Jazz is, in many ways, the equal to Innuendo. Both albums have glaring flaws while also having songs good enough to make you ignore the misfires. Jazz gets a higher notch on the list simply because its best songs are some of the band’s very best songs ever.

The sublime Fat Bottomed Girls, the surreal Bicycle Race, and of course, the seemingly-autobiographical Don’t Stop Me Now (my personal favorite Queen song) make this almost a self-contained greatest hits album. Throw in the criminally underrated Leaving Home Ain’t Easy (which could hit the radio today and wouldn’t feel out of place) and you’ve got an album for the ages (albeit one with more than a few forgettable tracks)…

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08. Made in Heaven (1995)

Released four years after Freddie’s death, Made in Heaven was a pleasant surprise to fans who thought there would be no more Queen albums. Instead, working with half-finished demos and rearranged solo projects, the surviving trio composed a fitting epilogue to the band’s Freddie Mercury years. Though they’ve continued touring (at least Brian and Roger have; John is retired), Made in Heaven is the band’s proper coda. Despite the circumstances, it’s a stunning achievement, with everyone—Freddie included—providing some of their best work in nearly a decade. There are too many songs to highlight; of the ten songs on the album, nine of them are at least “great” and a few are “truly fantastic.” The fact that a hodgepodge, posthumous album, with recordings dating as far back as the mid-80’s, can have such a strong theme of life and death on almost every track is even more stunning.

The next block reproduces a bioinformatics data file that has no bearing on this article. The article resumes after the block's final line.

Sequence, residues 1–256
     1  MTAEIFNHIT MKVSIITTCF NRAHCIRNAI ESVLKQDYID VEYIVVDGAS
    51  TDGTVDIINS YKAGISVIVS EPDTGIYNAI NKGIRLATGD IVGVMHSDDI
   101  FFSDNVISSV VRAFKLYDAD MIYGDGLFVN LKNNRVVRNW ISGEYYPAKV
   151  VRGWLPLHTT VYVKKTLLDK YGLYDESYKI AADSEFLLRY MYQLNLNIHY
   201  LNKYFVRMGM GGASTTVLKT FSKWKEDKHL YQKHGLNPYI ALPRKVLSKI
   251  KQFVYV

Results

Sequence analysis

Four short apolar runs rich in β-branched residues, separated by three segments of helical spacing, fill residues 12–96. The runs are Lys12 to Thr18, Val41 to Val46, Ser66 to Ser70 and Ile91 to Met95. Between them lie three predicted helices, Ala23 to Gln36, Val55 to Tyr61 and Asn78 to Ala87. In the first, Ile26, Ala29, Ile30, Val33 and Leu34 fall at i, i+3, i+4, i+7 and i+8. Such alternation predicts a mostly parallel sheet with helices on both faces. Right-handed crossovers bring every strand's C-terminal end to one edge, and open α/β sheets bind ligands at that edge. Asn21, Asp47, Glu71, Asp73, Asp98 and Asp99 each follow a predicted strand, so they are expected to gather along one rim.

Standouts include Mother Love (featuring Freddie’s final vocal performance), Too Much Love Will Kill You, and You Don’t Fool Me (which was nothing more than random samples from various Freddie recordings, compiled and arranged by Roger Taylor to sound like a song).

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07. The Game (1980)

Queen’s first album of the 1980’s ushered in a new sound and a new approach to their albums. Previously the band had worked hard to create a seamlessness to their LPs, with a strong theme running throughout. With The Game, Queen switched to recording stand-alone songs and putting the best they had to offer on the completed album. As a result, the album was the first of theirs to have a little of everything.

There are ballads, rockers, old school rockabilly and even disco. It’s eclectic yet mostly without weakness. The standouts are among the band’s most memorable tunes, including Another One Bites the Dust (originally just a throwaway before Michael Jackson heard it and recommended it be a single; it went on to reach #1) and Freddie’s tribute to Elvis, Crazy Little Thing Called Love (which likewise hit #1). There’s not a bigger stylistic chasm between two songs than that. An underrated gem is also the power ballad Save Me